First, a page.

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David Sands to R. Jones and H. Cathrall. you of any neglect of duty, it is in not being
more given up to visit the more remote parts of New CORNWALL, 10th of 9th mo. 1781.
the family. And I may say, I have sometimes Dear Friends,,We read, as from the lips of thought ihere appeared too many buts and ifs, our blessed Lord, that blessed are the poor in and these I have feared were sometimes too spirit. I have viewed you as a part of this much given way to, to the hindrance of some number, who have your way through much services that might prove advantageous to yourpoverty, and at times great tribulation, in which selves, and shall I say, to many of the sheep situation I can at present sympathise with you and lambs that the Master has ordered to be in some measure, I having been for some time fed, I shall leave you to find or judge by past in rather a low spot; having had several whom. poor turns as to my health, and I think I find Thus
dear friends and sisters, I shall conmyself under more weakness of body since I left clude with desire for your prosperity every way, Philadelphia than ever before ; having been and remain your truly loving and affectionate much of the time hardly able to sit à long friend, meeting ; . and under these trials my
DAVID Sands. mind seems to be stayed on the Lord, in hope
R. J. to Edward Cathrall. that if it is his will that this earthen tabernacle should be dissolved, I shall, through the merits
PHILADELPHIA, 7th mo. 25th, 1782. and mediation of a Redeemer, gain an admittance Dear Edward,-Since thou left thy father's into those joys that are unspeakable and full of house my mind has many times turned towards glory. I have had to remember you in much thee, sincerely desiring that thou mayst not only affection and nearness, and the many useful little witness preservation from every temptation that hints you occasionally dropped in my hearing, may present to draw thee still further from the as also the letters I received from you at the path of innocence, but that by a steady adherence Western Quarter, and esteem your cares and kind to the quick and powerful Word in the secret ness as the truest tokens of real friendship. I of thy own mind, thou mayst be brought into an believe I should have written to you before now acquaintance with a state of true inward stillness, if I had been at home; · but I thought in which thou mayst be favoured to understand at this time, duty and inclination joined in the things that belong to thy soul's peacestrengthening my hands to take up the pen and which is of the greatesi consequence both to the endeavour to make some small retaliation* for aged and to the youth ; especially when we conthe favours and kindness received ; and withal, sider that our stay in this world is very uncertain, in hopes of drawing some small bill on one or and that, after we have done with things below, both of your pens, as I shall, I believe, always we must appear before a righteous tribunal, be glad of a line from you whenever freedom there to give an account of the deeds done in the and opportunity will admit, and shall endeavour body, whether good or evil. How careful then to make the best remittance I am capable of, ought we to be in our steppings through time; which is but small. I have looked at your how watchful should be our words and actions ! situation as a life of care, and much exercise in Retirement of mind is such an excellent situayour outward employment, as well as in your tion, (I have found it so,) that I cannot but remore public, and, what if I also say private commend it to thee. Mayst thou often retire labours; still I do believe it is by direction of alone, and rather choose to be so, than in such best wisdom, and in providential care for the company as may have a tendency to do thee help and welfare of Friends in the city, both hurt. Young people who are inexperienced, parents and children. Though I believe this are often drawn into things highly improper, if favour, like many others, is too lightly thought not offensive, in the sight of heaven, for want of of by some, yet I believe there is a remnant keeping on their guard in this very spot: preserved in a living sense thereof, unto whom whereas, if they did but love silence, and to you are often made very near. And I have hearken to the monitions of Divine grace in sometimes thought there is abundant cause for their own hearts, they would grow up in good the honest hearted to be encouraged in hope, liking, yea, in favour with God and man. My that though Israel be not gathered according to heart prays for thy preservation, and that thou their desire, yet they are still glorious in the mayst, now in a state of separation from all thy eyes of the Lord, and their God will be their tender connections, be met with by Him who is strength. But notwithstanding what I have said, willing to do them good, and who is waiting to I don't mean to confine your labours within the be gracious to the descendants of those who have walls of the city ; believing that if I have to accuse loved and served Him, as thy grand parents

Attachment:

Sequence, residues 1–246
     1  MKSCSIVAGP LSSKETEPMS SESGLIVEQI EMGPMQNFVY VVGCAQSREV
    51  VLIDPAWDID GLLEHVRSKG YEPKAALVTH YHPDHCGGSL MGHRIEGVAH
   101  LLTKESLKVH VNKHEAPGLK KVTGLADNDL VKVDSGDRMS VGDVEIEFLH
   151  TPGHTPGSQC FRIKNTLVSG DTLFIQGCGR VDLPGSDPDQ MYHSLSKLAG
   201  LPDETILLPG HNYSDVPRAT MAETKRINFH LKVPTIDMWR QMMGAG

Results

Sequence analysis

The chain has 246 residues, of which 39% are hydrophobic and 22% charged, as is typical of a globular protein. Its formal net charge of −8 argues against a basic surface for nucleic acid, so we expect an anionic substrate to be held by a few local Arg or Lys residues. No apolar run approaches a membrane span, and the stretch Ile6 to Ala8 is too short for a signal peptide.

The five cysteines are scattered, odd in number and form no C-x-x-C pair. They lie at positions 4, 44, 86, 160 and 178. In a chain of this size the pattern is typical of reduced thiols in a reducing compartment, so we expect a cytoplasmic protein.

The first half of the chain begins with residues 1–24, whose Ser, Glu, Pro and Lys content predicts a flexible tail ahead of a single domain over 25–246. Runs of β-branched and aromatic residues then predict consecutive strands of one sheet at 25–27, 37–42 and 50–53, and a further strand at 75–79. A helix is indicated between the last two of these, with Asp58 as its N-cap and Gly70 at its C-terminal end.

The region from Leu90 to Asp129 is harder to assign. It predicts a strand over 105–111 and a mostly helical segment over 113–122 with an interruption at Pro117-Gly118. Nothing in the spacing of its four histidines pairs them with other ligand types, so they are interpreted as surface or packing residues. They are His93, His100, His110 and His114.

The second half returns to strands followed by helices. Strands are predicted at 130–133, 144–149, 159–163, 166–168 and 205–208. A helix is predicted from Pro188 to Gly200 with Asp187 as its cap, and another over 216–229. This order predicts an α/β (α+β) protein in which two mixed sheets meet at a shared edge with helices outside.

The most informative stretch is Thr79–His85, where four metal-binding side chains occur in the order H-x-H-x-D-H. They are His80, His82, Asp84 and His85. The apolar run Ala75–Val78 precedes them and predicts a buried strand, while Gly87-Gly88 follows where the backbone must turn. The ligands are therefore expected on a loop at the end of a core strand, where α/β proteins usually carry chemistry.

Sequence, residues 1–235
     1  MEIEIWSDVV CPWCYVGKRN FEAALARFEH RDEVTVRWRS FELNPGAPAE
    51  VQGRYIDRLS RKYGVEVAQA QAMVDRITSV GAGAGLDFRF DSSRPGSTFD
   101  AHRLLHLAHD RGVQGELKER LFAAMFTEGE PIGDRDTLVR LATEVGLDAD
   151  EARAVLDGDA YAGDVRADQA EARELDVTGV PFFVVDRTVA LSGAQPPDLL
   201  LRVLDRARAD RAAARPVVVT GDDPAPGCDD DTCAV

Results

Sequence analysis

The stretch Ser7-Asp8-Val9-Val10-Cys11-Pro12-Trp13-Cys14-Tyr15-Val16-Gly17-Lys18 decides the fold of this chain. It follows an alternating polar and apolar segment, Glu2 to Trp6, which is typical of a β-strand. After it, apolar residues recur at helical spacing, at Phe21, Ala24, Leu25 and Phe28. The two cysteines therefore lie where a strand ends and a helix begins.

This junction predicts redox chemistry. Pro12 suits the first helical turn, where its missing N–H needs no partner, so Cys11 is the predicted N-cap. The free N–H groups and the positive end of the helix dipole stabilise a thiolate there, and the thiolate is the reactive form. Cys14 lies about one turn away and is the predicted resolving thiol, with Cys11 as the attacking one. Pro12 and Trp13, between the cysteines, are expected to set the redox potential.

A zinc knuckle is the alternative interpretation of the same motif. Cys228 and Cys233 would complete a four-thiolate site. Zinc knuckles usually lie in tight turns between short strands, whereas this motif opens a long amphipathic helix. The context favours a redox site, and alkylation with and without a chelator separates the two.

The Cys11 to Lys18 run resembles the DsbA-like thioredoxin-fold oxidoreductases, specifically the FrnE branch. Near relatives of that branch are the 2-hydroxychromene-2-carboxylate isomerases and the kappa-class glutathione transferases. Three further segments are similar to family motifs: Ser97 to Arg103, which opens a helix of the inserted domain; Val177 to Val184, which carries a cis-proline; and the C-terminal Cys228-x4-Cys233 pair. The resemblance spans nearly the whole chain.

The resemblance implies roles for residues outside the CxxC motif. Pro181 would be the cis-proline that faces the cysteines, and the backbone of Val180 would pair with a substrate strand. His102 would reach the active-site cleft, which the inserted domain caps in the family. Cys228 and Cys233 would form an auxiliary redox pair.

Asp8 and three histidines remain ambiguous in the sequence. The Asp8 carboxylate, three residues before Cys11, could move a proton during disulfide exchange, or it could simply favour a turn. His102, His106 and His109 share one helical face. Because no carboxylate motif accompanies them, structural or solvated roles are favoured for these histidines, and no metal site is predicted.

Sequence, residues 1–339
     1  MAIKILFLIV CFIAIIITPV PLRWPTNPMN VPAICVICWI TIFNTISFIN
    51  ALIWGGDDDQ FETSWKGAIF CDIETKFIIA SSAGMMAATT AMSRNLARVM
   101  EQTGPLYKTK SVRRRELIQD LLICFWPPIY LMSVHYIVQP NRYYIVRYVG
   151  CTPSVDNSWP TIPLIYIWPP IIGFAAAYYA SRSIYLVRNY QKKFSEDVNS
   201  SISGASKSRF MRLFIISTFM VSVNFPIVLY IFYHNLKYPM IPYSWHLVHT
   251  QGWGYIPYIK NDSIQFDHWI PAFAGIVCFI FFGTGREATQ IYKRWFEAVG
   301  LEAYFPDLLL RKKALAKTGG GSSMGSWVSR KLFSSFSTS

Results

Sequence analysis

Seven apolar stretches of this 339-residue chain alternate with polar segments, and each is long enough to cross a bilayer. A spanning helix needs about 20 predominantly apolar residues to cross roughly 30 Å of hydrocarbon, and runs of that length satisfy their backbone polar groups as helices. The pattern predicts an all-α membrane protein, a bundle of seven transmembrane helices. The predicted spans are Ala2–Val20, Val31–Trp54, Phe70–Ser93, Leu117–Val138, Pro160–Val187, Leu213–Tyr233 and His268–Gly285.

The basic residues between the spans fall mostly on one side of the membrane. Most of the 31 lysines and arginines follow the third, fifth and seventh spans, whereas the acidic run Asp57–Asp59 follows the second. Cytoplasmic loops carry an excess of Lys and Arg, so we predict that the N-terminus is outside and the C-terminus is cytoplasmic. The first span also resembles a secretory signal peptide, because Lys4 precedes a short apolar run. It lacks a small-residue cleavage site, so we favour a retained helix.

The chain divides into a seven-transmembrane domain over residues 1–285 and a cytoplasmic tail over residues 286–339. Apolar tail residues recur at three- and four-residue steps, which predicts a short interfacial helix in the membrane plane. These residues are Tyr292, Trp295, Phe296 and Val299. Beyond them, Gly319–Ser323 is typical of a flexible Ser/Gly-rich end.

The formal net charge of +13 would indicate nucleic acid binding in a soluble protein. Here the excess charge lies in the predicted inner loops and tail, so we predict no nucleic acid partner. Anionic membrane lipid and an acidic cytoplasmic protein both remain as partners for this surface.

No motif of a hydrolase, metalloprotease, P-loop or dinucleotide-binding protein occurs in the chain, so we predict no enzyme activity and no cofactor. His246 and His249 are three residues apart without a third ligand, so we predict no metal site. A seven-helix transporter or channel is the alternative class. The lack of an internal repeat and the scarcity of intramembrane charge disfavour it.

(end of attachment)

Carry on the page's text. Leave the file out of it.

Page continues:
did. The sense in which this word is now generally used leisurely, it is the language of one of thy best
Keep this letter to thyself, and read it over of returning injury for injury, appears to be a modern application. Its original meaning is a return of like
friends. for like.- ED.
John Drinker to Rebecca Jones and Hannah Few men who reason, but in words allow
One all creating cause, omniscient,